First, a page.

In the years since Katrina, Luettich has created a forecasting system that uses ADCIRC to predict storm surge and flooding associated with nor’easters and hurricanes that threaten the U.S. coast. Today, ADCIRC can spit out multi-day storm surge forecasts every six hours during active hurricanes. The data produced helps organizations like the U.S. Coast Guard, U.S. Army Corps of Engineers, Federal Emergency Management Agency, and state and local emergency management teams make decisions about evacuations, supply locations, and response personnel.
For the DEEPP project, Luettich is using ADCIRC to recreate recent major hurricanes that have hit coastal North Carolina. The research team will then combine this information with remote sensing data from satellites and airborne sensors to create detailed maps of flooding produced during these storms. This tool will help guide and interpret Frankenberg’s human health surveys and will inform people living in flood prone regions about their vulnerability.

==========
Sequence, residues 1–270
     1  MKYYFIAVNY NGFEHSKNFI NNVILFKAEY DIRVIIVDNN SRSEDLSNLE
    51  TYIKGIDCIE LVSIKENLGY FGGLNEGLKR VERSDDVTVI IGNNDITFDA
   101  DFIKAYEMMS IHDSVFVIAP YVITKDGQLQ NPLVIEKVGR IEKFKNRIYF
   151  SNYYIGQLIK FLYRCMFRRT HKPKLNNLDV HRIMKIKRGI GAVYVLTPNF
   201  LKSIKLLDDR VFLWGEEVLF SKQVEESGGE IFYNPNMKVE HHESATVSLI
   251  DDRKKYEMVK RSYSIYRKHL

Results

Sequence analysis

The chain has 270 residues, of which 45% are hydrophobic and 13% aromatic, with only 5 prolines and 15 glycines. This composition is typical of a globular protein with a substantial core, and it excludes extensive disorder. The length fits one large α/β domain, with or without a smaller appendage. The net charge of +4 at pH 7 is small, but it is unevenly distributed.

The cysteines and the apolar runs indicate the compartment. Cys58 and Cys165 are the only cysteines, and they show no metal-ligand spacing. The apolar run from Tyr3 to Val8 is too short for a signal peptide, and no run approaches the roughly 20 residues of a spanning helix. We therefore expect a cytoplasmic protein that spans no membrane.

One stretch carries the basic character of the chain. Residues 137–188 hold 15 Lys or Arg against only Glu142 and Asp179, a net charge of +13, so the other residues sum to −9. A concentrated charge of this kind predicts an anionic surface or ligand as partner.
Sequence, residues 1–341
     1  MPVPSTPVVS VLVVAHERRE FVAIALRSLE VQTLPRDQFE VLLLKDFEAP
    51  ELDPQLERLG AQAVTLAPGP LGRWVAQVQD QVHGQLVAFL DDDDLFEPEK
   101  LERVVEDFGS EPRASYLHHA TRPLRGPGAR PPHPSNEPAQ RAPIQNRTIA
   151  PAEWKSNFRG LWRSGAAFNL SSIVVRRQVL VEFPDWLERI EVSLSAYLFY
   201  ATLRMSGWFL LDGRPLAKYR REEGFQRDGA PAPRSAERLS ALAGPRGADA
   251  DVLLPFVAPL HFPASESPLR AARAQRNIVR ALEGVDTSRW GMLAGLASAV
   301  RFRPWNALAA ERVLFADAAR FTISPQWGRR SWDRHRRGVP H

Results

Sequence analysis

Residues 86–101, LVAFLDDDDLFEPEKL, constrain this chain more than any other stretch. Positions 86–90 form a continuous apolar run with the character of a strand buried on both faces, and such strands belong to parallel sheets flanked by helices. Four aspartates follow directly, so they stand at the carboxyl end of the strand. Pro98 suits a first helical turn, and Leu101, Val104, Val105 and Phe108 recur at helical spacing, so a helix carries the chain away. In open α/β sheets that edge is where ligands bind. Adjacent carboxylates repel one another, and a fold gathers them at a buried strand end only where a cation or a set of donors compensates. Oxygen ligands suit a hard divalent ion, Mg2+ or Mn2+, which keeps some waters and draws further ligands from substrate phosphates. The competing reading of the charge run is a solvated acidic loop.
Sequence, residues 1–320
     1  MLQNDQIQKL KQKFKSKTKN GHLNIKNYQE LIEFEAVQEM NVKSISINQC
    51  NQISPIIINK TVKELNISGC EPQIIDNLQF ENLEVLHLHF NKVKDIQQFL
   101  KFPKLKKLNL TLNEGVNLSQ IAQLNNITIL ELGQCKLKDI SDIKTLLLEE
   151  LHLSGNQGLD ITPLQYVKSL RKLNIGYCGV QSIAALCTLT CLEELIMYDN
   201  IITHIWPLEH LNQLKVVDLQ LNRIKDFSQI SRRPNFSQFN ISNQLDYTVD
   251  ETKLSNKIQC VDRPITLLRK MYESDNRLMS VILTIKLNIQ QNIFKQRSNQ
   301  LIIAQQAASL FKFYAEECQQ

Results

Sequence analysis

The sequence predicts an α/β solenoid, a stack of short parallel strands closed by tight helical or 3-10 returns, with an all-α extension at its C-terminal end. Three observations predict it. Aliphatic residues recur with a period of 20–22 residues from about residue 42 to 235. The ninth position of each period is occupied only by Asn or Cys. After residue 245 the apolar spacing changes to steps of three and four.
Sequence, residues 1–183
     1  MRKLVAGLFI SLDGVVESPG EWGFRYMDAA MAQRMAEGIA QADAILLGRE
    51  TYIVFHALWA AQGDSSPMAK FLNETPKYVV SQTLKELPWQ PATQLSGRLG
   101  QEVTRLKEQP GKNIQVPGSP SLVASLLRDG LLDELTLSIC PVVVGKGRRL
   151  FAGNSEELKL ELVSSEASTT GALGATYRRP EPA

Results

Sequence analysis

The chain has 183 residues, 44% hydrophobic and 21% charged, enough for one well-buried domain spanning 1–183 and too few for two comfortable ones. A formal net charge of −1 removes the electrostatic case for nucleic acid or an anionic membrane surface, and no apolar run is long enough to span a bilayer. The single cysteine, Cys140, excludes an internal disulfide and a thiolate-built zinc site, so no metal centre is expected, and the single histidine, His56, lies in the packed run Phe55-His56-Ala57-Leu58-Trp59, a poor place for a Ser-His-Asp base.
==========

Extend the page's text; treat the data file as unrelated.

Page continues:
“An active volcano is not going to blow its top every year or even every decade, but eventually something bad is going to happen. In general, people seem to be more cognizant of this danger and tend not to build houses in potential impact areas,” Luettich says. “That doesn’t seem to be the case for people who live in areas that are susceptible to coastal storm surge or flooding. We need to show them what the real threat is.”
Assessing buyouts: another Band-Aid?
Some people who recognize the threat sell their homes to the federal government. Since 1993, the U.S. Federal Emergency Management Agency has acquired more than 55,000 flood-damaged properties across the nation. Such acquisitions are called floodplain buyouts. While these programs can reduce future disaster relief costs, they aren’t a perfect solution. They can also lower a city’s property tax revenues and accumulate hefty maintenance costs. Like beach renourishment, they may only be a bandage for a much larger problem.
BenDor strives to gather data on these transactions to understand their long-term financial impacts on cities. Most recently, he assessed buyouts in eight North Carolina communities. He and his co-authors found that properties bought at random and in various locations prevent effective land use. If a group of properties in the same area are purchased, though, that land can be converted into public parks or greenways, ultimately boosting the tax base. Most buyouts, unfortunately, end up as vacant mowed lots. Regardless, there is a substantial cost to maintaining them.